As the legislative session heats up, bills are quickly moving through the legislature. This week’s Bills of Note includes changes to the Wisconsin Retirement System (WRS), legal notices on internet sites for municipalities, and a death in the line of duty bill for law enforcement families.
Legal Notice on Internet Sites
In late April, Senator Howard Markelin (R-Spring Green) introduced Senate Bill (SB) 137, which would change the way local municipalities are allowed to post public notices. Under current law, a municipality must post the notice in at least three public places likely to give notice to those affected. SB 137 would change these requirements so that instead of posting the notice in three public places, the notice could be posted in one public place and also on the municipality’s internet site.
The bill passed the Senate Committee on Elections and Government 3-2 in June and passed the Senate on a voice vote. The Assembly passed the bill September 24, and is now headed to the Governor’s desk for an expected signature.
Wisconsin Retirement System Changes
Two bills proposed by Sen. Duey Stroebel (R-Cedarburg) would make various changes to the Wisconsin Retirement System (WRS). The first bill would raise the minimum retirement age for most Wisconsin state employees from 55 to 57. Additionally, the bill would raise the minimum retirement age from 50 to 52 for State protective services jobs,such as police and firefighters.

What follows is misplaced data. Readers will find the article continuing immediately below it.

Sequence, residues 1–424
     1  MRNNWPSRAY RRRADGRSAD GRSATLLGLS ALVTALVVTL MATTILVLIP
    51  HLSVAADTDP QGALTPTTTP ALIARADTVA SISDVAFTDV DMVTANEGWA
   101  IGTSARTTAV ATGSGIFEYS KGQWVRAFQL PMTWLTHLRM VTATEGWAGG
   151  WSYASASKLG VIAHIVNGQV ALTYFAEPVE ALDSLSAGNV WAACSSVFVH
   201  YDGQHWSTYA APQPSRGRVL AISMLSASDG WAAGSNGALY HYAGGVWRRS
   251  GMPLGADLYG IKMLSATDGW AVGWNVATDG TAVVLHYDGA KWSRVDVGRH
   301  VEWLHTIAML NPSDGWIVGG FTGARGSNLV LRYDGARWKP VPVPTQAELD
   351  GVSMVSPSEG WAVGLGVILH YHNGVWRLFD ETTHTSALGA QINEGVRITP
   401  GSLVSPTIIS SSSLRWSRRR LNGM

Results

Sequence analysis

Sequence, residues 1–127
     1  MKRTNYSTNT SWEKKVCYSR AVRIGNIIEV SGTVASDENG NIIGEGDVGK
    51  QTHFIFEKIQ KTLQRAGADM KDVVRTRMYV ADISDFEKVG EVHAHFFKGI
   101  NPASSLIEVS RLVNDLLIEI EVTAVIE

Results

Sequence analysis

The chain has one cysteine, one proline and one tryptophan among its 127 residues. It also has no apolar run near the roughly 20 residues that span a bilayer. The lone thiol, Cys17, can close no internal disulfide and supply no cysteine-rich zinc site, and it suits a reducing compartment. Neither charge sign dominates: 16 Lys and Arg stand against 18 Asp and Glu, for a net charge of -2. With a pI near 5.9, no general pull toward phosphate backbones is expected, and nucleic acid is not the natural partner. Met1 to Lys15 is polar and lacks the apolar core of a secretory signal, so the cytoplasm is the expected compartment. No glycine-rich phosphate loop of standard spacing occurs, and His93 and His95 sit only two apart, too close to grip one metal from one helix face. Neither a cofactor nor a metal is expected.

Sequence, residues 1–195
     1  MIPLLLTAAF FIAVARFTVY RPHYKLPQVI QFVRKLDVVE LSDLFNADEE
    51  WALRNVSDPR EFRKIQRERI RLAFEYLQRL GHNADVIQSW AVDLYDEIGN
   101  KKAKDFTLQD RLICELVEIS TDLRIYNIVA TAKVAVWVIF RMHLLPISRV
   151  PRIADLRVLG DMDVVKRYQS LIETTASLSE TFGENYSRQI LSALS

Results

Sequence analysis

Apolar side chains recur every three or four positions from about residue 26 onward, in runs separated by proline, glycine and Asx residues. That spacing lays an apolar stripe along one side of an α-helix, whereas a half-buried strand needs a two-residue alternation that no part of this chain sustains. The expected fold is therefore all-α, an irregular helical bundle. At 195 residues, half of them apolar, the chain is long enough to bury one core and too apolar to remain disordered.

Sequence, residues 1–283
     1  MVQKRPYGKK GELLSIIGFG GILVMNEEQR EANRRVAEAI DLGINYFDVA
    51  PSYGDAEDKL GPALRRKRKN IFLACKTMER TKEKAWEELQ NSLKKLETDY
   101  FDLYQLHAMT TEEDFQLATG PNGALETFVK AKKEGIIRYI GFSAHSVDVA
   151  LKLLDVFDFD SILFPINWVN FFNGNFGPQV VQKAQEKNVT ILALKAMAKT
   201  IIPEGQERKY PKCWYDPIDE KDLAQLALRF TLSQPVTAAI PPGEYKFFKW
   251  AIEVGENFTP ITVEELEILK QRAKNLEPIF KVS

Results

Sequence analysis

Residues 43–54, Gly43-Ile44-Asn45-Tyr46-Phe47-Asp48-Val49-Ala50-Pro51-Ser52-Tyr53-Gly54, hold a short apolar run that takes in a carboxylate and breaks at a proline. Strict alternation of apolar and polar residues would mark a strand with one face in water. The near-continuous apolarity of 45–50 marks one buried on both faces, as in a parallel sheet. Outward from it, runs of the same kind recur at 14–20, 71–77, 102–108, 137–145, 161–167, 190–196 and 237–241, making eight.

The second bill proposed by Sen. Stroebel makes changes to the way in which employee benefit payouts are calculated. The bill would change the average from the three highest-earning years to use the five-highest earning years. Sen. Stroebel says the change reflects a more representative perspective of an employee’s career earnings.
Neither bill affects workers close to retirement. The increased age would only apply to workers currently younger than 40 years of age. The pension calculation readjustment would not take place until five years after the bill’s passage.
Sen. Stroebel cites the bills as necessary steps to save the state money and make WRS more in line with private sector pensions.
As of this writing, neither bill has been introduced. This bill is unlikely to see major movement anytime soon, as the bill will go to the Joint Survey committee, and will be required to undergo actuarial study. An actuarial study, required by statute, will likely take three to four months to complete.
Death in the Line of Duty
SB 192, introduced by Senator Van Wanggaard (R-Racine) in June, would require a municipality pay health insurance premiums of the surviving spouse and children of a firefighter, law enforcement officer, or EMT who dies in the line of duty. The state would later reimburse the municipality for these payments.
Sen. Wanggaard, a former police officer, cites the need to provide a safety net for families left behind in the tragic loss of a law enforcement officer. Multiple police associations testified at the bill’s emotional public hearing last week about the problems families have trying to collect needed benefits in an emotionally and financially difficult time.
Firefighters already receive this benefit in Wisconsin, however municipalities must shoulder the cost.
Sen. Wanggaard introduced a similar bill in a previous legislative session, but the session expired before the bill could be passed. An executive session for the bill has not yet been scheduled.